Stop Calling Me “Strong”

by Nadeja Ross
Nadeja Ross

I sit in my room sometimes in complete silence, complete darkness and just cry. I cry to release all the things I do not or cannot say.

I am a “strong” Black woman. While the people I surround myself with are wonderful and supportive, it doesn’t change that internalized feeling of shame I feel. That feeling that someone is thinking less of me for being a woman with emotions.

I have to be strong. I have to be strong for everyone else.

It reminds me so much of a song I love (which coincidentally ALWAYS makes me cry). Have you ever listened to Beyoncé’s “Save The Hero”? If you haven’t, do it; that song is Black women all over the world. We are constantly “holding it down” so much so that we are burying ourselves. We are drowning, and yet we still pull people to the raft. But we are left alone. We are dying.

Think about the Black women in your life. How often do they rest? Do they even rest? Do they sit still? On weekends when there is nothing to do, do they always find something to do? Have you ever seen them cry freely? If you have, what did you think?

Black women go to work in emotional, mental and even physical pain and we keep smiling. We cry in bathrooms because our tears, our pain is already invisible to most. When we come home we’re exhausted but we have to still pretend because we are “strong.” We do anything other than take care of ourselves. We are not the priority.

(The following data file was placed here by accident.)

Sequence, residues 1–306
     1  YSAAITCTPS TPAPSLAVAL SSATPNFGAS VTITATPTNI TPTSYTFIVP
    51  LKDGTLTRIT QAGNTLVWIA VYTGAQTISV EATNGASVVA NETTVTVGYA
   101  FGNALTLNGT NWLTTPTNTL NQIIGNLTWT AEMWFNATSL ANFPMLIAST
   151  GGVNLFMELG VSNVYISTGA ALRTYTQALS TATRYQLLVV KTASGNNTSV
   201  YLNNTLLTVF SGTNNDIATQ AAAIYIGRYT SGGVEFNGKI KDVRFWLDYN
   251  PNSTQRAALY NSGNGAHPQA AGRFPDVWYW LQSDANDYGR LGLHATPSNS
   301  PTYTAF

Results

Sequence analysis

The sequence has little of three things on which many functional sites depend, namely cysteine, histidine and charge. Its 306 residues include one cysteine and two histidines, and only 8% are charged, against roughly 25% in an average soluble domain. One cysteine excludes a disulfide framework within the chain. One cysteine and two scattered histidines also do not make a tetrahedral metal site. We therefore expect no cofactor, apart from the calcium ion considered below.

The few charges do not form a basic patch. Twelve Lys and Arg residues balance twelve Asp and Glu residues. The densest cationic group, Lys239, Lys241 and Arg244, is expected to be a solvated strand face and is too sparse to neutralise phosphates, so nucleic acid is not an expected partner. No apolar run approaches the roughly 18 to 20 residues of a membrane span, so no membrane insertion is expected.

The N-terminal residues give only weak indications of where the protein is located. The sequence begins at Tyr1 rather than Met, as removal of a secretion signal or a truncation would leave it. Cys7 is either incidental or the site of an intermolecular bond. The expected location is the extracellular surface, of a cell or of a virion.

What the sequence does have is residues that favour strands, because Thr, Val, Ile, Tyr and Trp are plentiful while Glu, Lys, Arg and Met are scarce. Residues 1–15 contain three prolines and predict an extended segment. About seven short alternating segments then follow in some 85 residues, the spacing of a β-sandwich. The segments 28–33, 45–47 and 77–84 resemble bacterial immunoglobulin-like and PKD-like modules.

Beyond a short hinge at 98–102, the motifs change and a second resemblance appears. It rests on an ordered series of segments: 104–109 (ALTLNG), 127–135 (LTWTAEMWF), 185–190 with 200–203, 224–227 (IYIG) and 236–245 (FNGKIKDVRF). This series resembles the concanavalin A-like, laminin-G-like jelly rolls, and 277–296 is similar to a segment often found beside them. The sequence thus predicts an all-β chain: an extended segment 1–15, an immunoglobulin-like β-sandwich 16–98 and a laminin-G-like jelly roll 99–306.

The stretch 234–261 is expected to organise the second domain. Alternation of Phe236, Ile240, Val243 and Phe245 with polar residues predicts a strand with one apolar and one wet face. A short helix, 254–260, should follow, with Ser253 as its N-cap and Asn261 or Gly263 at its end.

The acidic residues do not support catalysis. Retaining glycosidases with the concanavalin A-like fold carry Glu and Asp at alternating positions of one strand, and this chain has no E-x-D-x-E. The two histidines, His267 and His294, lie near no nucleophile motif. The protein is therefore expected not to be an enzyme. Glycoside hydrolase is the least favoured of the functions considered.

I, a Black woman, do not cry in public. I’ve held back tears at least 85 percent of my adult life. I do not cry in front of people unless it is socially acceptable, funerals for example. Why? Because I am conditioned to feel that crying is weakness. I had to learn to give myself permission to cry. I had to learn to give myself permission to do something I see people due on cue, because my Black woman tears are unfamiliar.

A Black woman will “I’m fine” you to death. Why? Because are you really going to listen?

We are so familiar with not being heard that we stop talking.

At this point you take our silence for strength because we always keep going. We are taught to handle everything. We are taught that tears are a sign of weakness, of fragility. However, the truth is there is so much power in the release. There is so much healing in letting those learned oppressive emotions go. The strength comes when we stop hiding ourselves.

Let’s leave the “You should have said something” performances in the past. How many times do others silence us? How often are our voices eclipsed by someone else’s privilege? Has a Black woman’s needs been overlooked by your own? We as Black women are holding the literal weight of the world. We carry it everyday, and this shit is heavy.

Stop calling me “strong” as a way of describing me. I am so much more. WE are so much more. Check in on the Black women in your life. Understand that we are scared. We are vulnerable.


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